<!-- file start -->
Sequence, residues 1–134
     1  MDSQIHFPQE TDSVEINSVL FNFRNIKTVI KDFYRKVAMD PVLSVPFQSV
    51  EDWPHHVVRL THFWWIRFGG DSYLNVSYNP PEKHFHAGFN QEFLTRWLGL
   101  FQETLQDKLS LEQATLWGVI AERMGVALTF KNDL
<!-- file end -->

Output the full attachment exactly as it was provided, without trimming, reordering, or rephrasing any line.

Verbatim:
Sequence, residues 1–134
     1  MDSQIHFPQE TDSVEINSVL FNFRNIKTVI KDFYRKVAMD PVLSVPFQSV
    51  EDWPHHVVRL THFWWIRFGG DSYLNVSYNP PEKHFHAGFN QEFLTRWLGL
   101  FQETLQDKLS LEQATLWGVI AERMGVALTF KNDL